Hundreds of civilians, including at least 44 children (as of 31 March) have been killed in the crackdown across the country, including a 7-year-old girl, who was shot while in her home. Countless more have been seriously injured, since the military coup on 1 February.
#Myanmar: Joint statement with @UN_EndViolence to condemn in the strongest possible terms the ongoing violence against civilians including children with at least 44 children documented as killed in violence https://t.co/YcJa5HknRU #ACTtoProtect pic.twitter.com/AhRWacZEf9
— Children and Armed Conflict (@childreninwar) April 1, 2021
“We call on the Tatmadaw [Myanmar’s military] to halt widespread violence against children in any manifestation … the children deserve no less”, Virginia Gamba, Special Representative of the Secretary-General for Children and Armed Conflict, and Najat Maalla M’jid, Special Representative of the Secretary-General on Violence against Children, said in a joint statement on Thursday.
They also called on the military to stop the detention of children as clearly stated in the Convention on the Rights of the Child, amid reports that over 900 children and young people have been arbitrary detained.
While many have been released, others remain held without access to legal counsel, according to the statement.
‘Deep concern’ over long-term effects
Ms. Gamba and Dr. M’jid also voiced deep concern over the longer-term effects of the current crisis in Myanmar on the physical and mental wellbeing of children and their families.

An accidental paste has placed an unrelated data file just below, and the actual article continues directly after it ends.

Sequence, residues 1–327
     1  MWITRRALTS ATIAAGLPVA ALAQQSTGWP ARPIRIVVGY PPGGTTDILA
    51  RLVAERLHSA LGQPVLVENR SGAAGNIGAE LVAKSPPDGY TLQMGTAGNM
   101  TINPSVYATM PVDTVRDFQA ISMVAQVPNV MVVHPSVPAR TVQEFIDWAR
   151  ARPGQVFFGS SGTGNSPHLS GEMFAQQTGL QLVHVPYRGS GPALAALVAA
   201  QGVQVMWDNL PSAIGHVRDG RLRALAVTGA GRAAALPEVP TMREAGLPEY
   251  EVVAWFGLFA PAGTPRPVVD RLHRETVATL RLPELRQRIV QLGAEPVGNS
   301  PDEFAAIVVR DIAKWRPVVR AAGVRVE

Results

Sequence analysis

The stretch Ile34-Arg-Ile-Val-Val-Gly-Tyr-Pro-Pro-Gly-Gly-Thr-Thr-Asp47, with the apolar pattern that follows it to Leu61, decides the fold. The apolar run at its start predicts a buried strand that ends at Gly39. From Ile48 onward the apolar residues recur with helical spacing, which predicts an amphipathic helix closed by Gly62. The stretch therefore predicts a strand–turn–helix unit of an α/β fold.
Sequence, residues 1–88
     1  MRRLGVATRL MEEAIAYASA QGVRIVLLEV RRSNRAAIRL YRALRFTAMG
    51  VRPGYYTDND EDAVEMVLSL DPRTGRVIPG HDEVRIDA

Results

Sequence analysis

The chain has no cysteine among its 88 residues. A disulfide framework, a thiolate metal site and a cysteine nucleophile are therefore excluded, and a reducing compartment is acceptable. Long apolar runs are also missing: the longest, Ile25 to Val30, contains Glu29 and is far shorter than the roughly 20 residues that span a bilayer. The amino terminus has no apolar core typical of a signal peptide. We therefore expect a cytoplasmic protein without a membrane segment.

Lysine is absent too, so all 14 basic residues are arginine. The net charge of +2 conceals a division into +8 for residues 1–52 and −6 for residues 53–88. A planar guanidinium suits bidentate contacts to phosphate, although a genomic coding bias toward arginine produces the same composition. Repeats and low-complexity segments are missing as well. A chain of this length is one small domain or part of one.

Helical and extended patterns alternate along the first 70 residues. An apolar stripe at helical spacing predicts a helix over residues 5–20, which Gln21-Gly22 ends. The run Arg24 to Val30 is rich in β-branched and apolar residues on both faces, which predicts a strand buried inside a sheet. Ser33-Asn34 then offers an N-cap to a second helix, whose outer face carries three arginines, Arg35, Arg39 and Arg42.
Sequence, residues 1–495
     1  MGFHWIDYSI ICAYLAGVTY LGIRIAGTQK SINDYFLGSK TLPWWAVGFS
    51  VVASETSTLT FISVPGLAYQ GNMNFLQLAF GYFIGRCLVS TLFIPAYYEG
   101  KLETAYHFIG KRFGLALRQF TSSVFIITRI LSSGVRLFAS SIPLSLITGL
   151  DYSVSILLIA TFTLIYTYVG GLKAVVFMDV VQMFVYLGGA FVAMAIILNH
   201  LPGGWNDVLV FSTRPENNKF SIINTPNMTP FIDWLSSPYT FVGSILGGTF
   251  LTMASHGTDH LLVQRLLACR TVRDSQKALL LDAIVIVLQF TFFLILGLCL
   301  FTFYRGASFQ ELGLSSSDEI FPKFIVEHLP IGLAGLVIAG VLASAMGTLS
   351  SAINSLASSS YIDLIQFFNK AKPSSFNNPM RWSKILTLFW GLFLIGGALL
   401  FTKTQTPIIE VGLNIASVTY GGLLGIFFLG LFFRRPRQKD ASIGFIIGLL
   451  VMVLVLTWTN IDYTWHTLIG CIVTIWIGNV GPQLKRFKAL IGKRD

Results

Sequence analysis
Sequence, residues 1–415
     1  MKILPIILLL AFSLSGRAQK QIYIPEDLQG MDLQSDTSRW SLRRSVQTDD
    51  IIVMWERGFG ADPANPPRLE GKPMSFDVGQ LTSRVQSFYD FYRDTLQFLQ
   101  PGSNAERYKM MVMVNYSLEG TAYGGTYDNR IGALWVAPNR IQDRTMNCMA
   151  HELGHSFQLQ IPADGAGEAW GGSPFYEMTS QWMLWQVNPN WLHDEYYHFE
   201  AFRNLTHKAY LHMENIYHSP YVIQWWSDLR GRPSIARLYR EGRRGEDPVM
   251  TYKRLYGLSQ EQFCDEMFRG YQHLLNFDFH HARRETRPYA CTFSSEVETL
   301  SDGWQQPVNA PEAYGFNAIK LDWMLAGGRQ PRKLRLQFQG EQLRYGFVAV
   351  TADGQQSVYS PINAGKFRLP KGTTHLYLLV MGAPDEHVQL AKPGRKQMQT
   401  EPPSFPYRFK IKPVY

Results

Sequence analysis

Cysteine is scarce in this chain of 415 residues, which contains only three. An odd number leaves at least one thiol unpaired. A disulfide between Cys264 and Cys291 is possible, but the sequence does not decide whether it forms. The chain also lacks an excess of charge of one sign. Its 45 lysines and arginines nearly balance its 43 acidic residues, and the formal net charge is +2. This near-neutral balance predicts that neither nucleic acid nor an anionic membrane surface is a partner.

“The longer the current situation of widespread violence continuous, the more it will contribute to a continuous state of distress and toxic stress for children, which can have a lifelong impact on their mental and physical health”, the statement added.
The two Special Representatives also condemned the military’s use of education and health facilities as well as widespread attacks on schools and hospitals and their personnel, which can deprive civilians from accessing life-saving interventions.
There have been at least 35 incidents documented of arrests and violence against teachers and health personnel, as well as 120 incidents of use of education and health facilities by the military.
Fully respect human rights: Security Council
Members of the UN Security Council also voiced deep concern at the rapidly deteriorating situation in the south-east Asian nation, and strongly condemned the use of violence against peaceful protestors and the deaths of hundreds of civilians, including women and children.
According to the representative of Viet Nam, Security Council President for April, the members reiterated their call on the military to exercise utmost restraint as well as the need to “fully respect human rights” and “pursue dialogue and reconciliation in accordance with the will and interests of the people of Myanmar”.
They also urged all sides to refrain from violence and called again for the immediate release of all detainees, including State Counsellor Aung San Suu Kyi and President Win Myint.
Council members also noted the Secretary-General’s call on 27 March 2021 for a firm, unified and resolute response from the international community, stressing that they continue “to monitor the situation closely and would remain actively seized of the matter”.